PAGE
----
Two more speed bumps for the ICANN Reforms

The revision of ICANN’s bylaws to reflect the new accountability measures is proceeding on schedule. Public comments close May 21 and it is clear that only a few revisions will be needed to fully align the draft bylaws with the proposals of the IANA transition and enhanced accountability working groups.

Yet conservative nationalists in the U.S. are making a last-ditch effort to block the IANA transition. Having lost all rational argumentation about this matter, they are resorting to two devious stratagems. On one front, Texas Congressman Culberson is preparing another rider on the budget that would prevent the NTIA from spending any money on the process. On the second front, Senator Marco Rubio has sent a letter to the NTIA asking it to extend American control of ICANN for another two years so that the new governance arrangements can be “tested” before the US relinquishes control.

The Rubio letter echoes ideas developed by a Heritage Foundation paper issued a few months back. The letter commends the multi-stakeholder community’s development of a transition proposal, but claims that

…the Internet is too important to allow the transition to occur without certainty that the proposed accountability measures are adequate and that ICANN’s new governance structure works properly. Therefore, we respectfully request that you consider an extension of the NTIA contract with ICANN to ensure that the many changes in the transition proposal are implemented, operate as envisioned, and do not contain unforeseen problems, oversights, or complications that could undermine the multi-stakeholder model or threaten the openness, security, stability, or resiliency of the Internet.

The idea of a “test drive” is probably well-intentioned, but in fact it is an impractical idea that would completely disrupt the legitimate process. The new bylaws will be passed by the ICANN board sometime in late May. If the NTIA deems that the proposal the Internet community spent two years developing meets its criteria, it has repeatedly promised to implement the transition and end its contractual control of ICANN. Backing away from that commitment because of last-minute pressure from a few U.S. politicians would be a complete betrayal of the hundreds of people who worked hard developing the reforms and the millions of people worldwide who support them. The credibility of the U.S. government and the transition process would be shot. Such a move would also empower the cynics in Moscow, China and Europe who have always intimated that the US would never let go.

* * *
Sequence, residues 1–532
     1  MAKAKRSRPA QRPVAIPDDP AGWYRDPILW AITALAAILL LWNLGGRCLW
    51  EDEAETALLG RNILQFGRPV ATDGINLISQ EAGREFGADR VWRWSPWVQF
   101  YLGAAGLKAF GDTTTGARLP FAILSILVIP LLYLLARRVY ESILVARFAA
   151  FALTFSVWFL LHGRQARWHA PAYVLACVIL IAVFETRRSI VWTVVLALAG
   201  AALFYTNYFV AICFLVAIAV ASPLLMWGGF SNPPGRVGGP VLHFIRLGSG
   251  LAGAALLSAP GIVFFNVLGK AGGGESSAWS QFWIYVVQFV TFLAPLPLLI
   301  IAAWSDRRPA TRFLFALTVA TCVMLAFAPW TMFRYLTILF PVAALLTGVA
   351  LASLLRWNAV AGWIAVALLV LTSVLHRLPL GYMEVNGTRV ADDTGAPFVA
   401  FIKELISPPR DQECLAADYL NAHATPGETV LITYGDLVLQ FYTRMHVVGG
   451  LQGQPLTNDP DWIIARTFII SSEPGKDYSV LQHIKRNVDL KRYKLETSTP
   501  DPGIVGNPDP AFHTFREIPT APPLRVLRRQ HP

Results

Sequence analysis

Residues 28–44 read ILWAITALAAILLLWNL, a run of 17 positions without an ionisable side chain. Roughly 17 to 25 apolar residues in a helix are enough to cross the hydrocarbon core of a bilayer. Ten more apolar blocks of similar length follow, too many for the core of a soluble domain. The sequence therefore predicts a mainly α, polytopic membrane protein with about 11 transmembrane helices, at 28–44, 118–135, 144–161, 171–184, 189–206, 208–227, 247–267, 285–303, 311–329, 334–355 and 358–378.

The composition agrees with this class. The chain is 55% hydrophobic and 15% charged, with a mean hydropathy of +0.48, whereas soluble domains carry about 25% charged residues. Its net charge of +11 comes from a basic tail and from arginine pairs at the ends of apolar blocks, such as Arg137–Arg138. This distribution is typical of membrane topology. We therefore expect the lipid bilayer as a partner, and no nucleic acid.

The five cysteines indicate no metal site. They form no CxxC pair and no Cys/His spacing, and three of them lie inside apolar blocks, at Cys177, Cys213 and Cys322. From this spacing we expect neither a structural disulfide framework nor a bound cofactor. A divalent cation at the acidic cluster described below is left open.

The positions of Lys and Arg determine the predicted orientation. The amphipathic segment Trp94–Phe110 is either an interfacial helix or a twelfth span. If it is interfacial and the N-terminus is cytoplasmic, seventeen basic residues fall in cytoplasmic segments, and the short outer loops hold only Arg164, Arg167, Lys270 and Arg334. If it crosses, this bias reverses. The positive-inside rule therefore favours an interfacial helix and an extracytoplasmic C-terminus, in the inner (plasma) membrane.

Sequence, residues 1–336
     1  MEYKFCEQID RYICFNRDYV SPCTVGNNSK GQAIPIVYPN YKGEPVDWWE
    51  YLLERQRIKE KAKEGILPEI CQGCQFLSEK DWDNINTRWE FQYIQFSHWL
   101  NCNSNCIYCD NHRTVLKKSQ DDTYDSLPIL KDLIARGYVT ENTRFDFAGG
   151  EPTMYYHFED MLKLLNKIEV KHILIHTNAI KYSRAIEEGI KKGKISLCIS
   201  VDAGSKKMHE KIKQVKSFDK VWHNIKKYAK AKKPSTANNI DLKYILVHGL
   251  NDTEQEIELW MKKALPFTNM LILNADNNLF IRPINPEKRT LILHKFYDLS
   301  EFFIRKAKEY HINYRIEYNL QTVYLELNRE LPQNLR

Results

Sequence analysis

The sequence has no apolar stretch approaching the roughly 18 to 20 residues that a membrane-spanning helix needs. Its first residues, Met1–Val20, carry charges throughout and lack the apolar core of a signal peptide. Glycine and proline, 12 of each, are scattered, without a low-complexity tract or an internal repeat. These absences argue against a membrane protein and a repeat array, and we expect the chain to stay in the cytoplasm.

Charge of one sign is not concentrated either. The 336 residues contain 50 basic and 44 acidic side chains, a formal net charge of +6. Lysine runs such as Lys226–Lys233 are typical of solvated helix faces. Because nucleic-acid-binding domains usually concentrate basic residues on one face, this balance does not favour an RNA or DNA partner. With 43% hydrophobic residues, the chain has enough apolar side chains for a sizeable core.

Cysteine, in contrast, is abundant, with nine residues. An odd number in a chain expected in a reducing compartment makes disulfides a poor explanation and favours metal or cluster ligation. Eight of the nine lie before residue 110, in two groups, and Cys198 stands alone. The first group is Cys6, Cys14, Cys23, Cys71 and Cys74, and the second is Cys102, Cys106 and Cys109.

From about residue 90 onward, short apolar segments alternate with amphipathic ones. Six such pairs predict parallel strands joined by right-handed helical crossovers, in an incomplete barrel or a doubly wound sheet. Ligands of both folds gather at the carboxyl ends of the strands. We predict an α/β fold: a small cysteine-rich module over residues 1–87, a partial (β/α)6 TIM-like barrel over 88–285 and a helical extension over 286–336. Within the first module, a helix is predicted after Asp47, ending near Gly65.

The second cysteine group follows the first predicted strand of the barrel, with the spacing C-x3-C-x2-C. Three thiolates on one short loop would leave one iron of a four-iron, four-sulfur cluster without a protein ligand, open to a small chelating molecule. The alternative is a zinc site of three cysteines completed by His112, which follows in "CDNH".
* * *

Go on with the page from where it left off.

The other problem is that with the change in Presidential administration we have no idea who will be in charge of NTIA after January 2017, and it usually takes a new administration at least one year, sometimes more, to get its footing. So the rules and criteria for the transition could change completely depending on who is elected and who is appointed to replace Assistant Secretary Strickling. It is destabilizing to subject the transition to this kind of uncertainty.

Quite apart from the breaking of a vital commitment, the idea of a “test drive” of new institutional arrangements doesn’t make sense. Either ICANN is ultimately accountable to the U.S. government or it is accountable to the global multistakeholder community. There is really no middle ground here. If the US government has the authority to pull the plug on the reforms or alter them unilaterally, then everyone will know that it is the real authority and the new accountability arrangements cannot really be used or tested. The actors in this space will appeal to the NTIA when they don’t get what they want, and continue to reinforce the community’s dependence on the US government. You can’t really do laboratory experiments or “test drives” when making changes in governance institutions.

Imagine, for example, that near the end of the American Revolution an 18th century Heritage Foundation had said, “all these new democratic government models are new and untested. We don’t really know how well they will work. Why doesn’t the United States retain its status as a British colony under the King for a few years, and let him decide if the experiment has worked?”

The absurdity of this proposal should be evident. Either you have a new governance structure which duly transfers responsibility for self-governance to the community, or you don’t.